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Volume 13, Number 1—January 2007

Research

Blood Transfusion and Spread of Variant Creutzfeldt-Jakob Disease

Klaus Dietz*Comments to Author , Günter Raddatz*, Jonathan Wallis†, Norbert Müller‡, Inga Zerr§, Hans-Peter Duerr*, Hans Lefèvre¶, Erhard Seifried#, and Johannes Löwer**
Author affiliations: *University of Tübingen, Tübingen, Germany; †Freeman Hospital, Newcastle upon Tyne, United Kingdom; ‡University Hospital Essen, Essen, Germany; §University of Göttingen, Göttingen, Germany; ¶DRK Blood Donor Service West, Hagen, Germany; #DRK Blood Donor Service Baden-Württemberg, Hessen, Frankfurt am Main, Germany; **Paul-Ehrlich-Institute, Langen, Germany;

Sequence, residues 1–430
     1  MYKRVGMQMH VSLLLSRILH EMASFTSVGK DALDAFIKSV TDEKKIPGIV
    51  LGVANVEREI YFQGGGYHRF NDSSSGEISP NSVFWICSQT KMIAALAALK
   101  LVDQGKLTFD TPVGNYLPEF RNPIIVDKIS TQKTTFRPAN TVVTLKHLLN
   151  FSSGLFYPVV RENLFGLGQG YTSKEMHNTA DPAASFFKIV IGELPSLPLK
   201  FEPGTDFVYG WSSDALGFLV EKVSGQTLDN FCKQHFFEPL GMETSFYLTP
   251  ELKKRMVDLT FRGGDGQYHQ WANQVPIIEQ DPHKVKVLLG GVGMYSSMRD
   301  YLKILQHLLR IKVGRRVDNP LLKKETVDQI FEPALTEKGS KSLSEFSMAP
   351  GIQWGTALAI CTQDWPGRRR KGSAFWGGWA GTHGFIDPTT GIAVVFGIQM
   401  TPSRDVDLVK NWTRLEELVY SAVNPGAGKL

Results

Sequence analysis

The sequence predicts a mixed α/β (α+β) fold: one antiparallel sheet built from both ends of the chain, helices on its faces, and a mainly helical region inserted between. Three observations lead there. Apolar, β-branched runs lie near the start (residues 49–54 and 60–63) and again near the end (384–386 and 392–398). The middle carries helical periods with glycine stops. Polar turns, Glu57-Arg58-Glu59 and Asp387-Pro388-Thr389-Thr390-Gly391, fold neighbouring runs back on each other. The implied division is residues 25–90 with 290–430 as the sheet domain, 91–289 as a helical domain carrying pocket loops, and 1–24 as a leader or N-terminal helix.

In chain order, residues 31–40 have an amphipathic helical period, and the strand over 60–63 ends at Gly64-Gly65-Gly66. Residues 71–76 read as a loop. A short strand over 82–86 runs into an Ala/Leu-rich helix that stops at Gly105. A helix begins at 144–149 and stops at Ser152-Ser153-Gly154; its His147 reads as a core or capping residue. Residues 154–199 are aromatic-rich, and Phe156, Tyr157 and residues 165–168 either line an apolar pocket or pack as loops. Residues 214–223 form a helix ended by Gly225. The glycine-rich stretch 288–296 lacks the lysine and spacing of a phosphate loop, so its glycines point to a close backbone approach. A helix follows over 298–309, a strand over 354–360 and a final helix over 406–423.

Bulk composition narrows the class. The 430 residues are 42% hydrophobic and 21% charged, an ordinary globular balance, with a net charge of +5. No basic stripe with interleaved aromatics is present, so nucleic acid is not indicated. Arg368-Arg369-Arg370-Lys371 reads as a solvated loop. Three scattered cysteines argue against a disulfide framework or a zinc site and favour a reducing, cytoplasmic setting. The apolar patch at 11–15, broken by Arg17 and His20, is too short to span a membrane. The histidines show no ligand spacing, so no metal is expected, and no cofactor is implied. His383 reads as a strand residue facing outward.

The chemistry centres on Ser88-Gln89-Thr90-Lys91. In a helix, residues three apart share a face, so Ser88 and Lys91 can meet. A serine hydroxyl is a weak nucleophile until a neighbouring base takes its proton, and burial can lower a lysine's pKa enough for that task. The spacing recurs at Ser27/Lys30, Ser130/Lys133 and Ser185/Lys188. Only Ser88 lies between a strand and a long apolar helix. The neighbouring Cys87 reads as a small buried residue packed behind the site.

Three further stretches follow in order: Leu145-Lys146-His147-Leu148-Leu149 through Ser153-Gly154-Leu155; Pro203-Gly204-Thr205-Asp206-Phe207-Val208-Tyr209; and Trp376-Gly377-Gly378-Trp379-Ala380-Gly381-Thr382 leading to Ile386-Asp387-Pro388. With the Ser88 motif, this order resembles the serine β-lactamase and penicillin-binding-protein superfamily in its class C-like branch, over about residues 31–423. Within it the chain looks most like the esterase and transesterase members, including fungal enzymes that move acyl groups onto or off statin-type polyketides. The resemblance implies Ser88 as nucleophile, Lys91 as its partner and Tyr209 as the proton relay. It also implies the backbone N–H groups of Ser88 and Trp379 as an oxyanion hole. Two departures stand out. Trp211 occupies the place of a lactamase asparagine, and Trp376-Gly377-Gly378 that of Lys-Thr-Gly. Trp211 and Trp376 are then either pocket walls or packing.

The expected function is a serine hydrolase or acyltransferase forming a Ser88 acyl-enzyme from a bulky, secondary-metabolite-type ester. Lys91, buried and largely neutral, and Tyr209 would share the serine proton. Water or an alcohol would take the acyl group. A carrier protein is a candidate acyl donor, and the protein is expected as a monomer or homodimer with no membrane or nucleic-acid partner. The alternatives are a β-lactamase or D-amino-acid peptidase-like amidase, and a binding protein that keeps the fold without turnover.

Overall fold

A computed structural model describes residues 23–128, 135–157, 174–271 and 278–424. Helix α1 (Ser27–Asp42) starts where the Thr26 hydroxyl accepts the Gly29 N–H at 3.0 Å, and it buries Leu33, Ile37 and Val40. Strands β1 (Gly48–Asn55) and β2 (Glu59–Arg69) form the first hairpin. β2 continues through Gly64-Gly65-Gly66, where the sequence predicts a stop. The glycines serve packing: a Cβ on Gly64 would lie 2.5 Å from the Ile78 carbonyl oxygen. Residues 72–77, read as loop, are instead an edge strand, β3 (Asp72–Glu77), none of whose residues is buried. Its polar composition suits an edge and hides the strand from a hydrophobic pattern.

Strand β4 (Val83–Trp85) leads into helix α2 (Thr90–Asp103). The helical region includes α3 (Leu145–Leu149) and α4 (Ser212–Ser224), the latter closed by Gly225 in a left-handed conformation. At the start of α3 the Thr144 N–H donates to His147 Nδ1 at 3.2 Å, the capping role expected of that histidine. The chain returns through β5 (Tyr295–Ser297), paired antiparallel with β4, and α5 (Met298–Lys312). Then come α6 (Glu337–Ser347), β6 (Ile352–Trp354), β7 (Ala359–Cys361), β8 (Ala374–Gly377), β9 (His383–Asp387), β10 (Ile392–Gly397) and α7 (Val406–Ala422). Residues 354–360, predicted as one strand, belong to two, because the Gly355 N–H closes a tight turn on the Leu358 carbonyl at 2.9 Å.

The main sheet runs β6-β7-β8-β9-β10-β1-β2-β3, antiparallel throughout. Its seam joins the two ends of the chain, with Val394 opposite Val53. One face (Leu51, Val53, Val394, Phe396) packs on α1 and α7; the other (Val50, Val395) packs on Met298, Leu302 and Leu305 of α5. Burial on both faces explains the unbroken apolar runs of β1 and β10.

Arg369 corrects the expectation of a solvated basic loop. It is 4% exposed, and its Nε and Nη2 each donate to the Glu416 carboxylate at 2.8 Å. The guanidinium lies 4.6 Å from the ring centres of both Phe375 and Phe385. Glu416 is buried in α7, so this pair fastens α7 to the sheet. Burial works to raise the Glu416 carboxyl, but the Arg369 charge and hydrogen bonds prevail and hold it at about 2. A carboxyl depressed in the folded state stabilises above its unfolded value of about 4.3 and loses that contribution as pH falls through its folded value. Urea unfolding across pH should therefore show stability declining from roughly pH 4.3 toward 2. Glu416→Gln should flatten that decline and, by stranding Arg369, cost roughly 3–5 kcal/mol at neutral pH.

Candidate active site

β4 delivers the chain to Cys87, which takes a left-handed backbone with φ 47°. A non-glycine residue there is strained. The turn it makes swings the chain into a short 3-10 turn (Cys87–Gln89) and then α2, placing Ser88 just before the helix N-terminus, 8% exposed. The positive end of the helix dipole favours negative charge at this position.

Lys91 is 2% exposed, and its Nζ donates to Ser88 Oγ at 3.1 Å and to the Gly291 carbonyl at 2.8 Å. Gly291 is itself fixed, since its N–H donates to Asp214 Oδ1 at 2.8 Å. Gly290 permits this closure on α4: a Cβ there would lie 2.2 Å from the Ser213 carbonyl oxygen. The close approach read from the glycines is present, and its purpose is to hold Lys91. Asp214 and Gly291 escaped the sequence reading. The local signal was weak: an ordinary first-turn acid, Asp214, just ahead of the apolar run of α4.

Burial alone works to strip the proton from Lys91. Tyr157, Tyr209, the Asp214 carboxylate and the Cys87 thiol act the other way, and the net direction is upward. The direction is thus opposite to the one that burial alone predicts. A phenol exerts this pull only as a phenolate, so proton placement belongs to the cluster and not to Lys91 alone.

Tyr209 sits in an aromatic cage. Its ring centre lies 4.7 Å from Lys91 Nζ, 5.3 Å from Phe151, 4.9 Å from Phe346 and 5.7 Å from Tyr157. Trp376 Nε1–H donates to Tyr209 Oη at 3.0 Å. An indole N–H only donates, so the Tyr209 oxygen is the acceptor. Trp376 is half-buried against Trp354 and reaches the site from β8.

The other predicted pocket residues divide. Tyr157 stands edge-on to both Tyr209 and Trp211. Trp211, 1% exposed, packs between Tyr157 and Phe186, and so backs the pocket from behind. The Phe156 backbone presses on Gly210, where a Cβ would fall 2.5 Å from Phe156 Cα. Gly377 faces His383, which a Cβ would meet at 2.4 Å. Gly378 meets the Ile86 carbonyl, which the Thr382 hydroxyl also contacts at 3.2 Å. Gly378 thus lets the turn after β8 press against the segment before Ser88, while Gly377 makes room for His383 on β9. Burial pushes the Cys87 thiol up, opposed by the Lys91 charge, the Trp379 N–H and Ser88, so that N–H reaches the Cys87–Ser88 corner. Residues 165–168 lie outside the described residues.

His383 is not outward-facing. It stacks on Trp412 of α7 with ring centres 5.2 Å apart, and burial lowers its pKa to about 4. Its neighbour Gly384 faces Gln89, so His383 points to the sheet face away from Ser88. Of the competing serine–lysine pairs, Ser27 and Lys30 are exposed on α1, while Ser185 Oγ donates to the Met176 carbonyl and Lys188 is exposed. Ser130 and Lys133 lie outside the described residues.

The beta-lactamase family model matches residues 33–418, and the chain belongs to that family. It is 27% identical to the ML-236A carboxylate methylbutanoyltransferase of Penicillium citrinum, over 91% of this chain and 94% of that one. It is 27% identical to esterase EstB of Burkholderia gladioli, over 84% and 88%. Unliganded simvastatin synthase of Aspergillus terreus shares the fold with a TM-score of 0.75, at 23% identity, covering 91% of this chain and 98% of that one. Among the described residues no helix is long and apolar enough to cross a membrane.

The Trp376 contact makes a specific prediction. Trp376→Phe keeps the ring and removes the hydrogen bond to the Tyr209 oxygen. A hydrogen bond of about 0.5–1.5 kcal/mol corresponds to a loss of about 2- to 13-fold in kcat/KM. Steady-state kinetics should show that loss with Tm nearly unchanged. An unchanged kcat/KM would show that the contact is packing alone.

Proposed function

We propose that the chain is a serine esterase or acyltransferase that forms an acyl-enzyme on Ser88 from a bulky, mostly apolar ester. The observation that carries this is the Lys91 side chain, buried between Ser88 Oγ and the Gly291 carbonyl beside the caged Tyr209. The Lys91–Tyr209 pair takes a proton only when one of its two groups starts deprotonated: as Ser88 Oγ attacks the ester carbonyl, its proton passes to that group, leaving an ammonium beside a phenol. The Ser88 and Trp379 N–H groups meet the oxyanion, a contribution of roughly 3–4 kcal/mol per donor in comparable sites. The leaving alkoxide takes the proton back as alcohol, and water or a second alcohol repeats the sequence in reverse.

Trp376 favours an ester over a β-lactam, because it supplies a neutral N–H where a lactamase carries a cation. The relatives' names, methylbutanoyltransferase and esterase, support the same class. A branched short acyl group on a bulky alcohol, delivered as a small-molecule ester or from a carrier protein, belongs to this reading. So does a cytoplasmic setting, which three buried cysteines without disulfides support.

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Figure 2

Figure 2 - Absolute prevalence of infection for an incubation period of 16 (A) and 50 (B) years, for nonrecipients of blood transfusion (solid, black), recipients under the assumption of no infectivity (dashed, grey), of 100% infectivity without donor exclusion (dotted, black), and 100% infectivity with donor exclusion (solid, gray). The prevalence declines after the alimentary route of transmission is interrupted, i.e., after 10 years. Prevalence differs only slightly if the infection

Figure 2. Absolute prevalence of infection for an incubation period of 16 (A) and 50 (B) years, for nonrecipients of blood transfusion (solid, black), recipients under the assumption of no infectivity (dashed, grey), of 100% infectivity without donor exclusion (dotted, black), and 100% infectivity with donor exclusion (solid, gray). The prevalence declines after the alimentary route of transmission is interrupted, i.e., after 10 years. Prevalence differs only slightly if the infection probability of a transfusion from an infected donor is increased from 0% to 100%. Donor exclusion produces negligible reductions.

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